Syndrome of Sleepiness

Insufficient Sleep
Sleep Fragmentation
Narcolepsy
Recurrent Hypersomnias Non-Pharmacologic Strategies
Pharmacologic Treatment
Sleep Disorder
Summary


Although the importance of sleep and well-being has been known for centuries, only recently has the medical profession begun to focus on sleep disorders and their effects. According to a research, 40 million Americans were chronically ill with various sleep disorders, with an additional 20 to 30 million experiencing intermittent sleep-related problems. Besides excessive daytime sleepiness and loss of productivity, many studies have suggested that sleep disorders cause important cardiovascular morbidity and possibly mortality.
Most patients studied in sleep laboratories for clinical examination do so because of complaints related to excessive daytime sleepiness, nonrefreshing sleep, and chronic fatigue that cannot be ameliorated by sleep. In 80% to 90% of these patients, laboratory examination uncovers breathing disorders during sleep. Sleepiness is the increased likelihood of falling asleep, often during monotonous or sedentary activities, whereas fatigue is difficulty sustaining a high level of performance. There are three commonly available tools to aid in measuring the degree of sleepiness: the Epworth Sleepiness Scale (ESS), the Multiple Sleep Latency Test (MSLT), and the Maintenance Of Wakefulness Test (MWT). The ESS is a self-administered questionnaire that has patients rate on a scale of 0 to 3 their likelihood of falling asleep during eight common situations and provides a simple subjective measure of sleepiness (Table 1). The questionnaire reflects the level of the patient's daytime somnolence; the higher the score, the sleepier the patient. The MSLT and MWT are objective tests of daytime sleepiness, testing length of time to achieving sleep onset and REM sleep during daytime naps. During the MSLT, the subject is instructed to try to sleep, whereas in the MWT the patient is instructed to try to stay awake.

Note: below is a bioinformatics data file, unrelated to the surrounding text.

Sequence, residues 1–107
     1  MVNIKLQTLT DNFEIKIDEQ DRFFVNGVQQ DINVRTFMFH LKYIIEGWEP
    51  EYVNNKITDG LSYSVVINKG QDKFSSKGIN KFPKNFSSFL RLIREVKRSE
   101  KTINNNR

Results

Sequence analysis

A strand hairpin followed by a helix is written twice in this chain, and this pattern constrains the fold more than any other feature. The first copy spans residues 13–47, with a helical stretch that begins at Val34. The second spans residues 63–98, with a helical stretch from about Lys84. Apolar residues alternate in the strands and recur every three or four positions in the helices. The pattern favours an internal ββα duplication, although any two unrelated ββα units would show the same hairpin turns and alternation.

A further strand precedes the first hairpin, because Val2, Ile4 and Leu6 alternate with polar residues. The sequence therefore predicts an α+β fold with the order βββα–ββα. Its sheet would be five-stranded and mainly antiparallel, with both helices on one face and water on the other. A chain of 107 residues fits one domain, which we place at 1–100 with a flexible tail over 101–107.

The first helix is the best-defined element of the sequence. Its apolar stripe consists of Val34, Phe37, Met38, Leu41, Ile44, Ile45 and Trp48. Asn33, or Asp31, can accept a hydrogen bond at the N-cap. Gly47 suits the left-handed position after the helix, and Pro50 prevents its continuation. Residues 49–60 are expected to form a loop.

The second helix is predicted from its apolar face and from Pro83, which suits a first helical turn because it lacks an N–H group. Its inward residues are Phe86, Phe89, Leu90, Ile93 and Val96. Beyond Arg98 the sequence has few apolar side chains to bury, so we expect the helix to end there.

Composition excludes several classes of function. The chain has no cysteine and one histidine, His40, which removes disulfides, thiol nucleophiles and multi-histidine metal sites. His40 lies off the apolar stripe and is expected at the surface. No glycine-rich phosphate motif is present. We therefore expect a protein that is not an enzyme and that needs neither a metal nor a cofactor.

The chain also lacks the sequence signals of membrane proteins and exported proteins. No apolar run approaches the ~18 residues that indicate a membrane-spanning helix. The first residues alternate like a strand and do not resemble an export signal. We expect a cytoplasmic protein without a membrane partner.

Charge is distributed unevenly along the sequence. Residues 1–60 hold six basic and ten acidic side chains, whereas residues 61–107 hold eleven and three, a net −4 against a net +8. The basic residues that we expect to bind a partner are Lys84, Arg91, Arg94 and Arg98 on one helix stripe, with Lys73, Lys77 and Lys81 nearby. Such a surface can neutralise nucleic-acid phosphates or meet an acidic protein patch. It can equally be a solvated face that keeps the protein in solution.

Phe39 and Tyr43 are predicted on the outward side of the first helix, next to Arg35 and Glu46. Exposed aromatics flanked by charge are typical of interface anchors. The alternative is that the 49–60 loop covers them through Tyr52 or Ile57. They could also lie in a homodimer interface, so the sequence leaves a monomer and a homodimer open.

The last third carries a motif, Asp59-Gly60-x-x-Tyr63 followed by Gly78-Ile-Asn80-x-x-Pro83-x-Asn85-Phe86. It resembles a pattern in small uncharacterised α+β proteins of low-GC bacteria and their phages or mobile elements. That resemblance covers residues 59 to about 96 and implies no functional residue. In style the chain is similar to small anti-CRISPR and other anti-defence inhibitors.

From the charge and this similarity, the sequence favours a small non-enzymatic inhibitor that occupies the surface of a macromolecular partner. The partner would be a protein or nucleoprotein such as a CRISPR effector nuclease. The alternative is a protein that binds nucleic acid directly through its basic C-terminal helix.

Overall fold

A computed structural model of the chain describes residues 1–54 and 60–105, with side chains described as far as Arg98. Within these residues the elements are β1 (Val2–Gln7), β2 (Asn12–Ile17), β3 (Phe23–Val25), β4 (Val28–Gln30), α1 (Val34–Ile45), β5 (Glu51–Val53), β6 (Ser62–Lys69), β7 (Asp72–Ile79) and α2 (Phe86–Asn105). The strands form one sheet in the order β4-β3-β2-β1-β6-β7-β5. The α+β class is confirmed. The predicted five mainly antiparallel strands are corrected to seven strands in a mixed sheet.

Table 1. Epworth Sleepiness Scale:

Ask patient likelihood of falling asleep or dozing off in the following situations, in contrast to feeling just tired. Have the patient refer to their usually way of life in recent times.

0 = Would never doze
1 = Slight chance of dozing
2 = Moderate chance of dozing
3 = High chance of dozing

Situation Score:

1) Sitting and reading
2) Watching television
3) Sitting inactive in a public place (eg,church)
4) As a passenger in a car for an hour without a break
5) Lying down to rest in the afternoon when circumstances permit
6) Sitting and talking to someone
7) Sitting quietly after lunch without alcohol
8) In a car, while stopped for a few minutes in the traffic
There are three general causes of hypersomnia: Insufficient Sleep, Fragmentation Of Sleep, And Excessive Sleep.

Fragmented sleep, predominantly microfragmentation, result from conditions such as the Sleep-Related Breathing Disorders And Periodic Limb Movement Syndrome

Excessive sleep drive disorders (Primary Hypersonolence) include Narcolepsy And Idiopathic Central Nervous System Hypersomnia, and Can Be Caused By Sedating Medications

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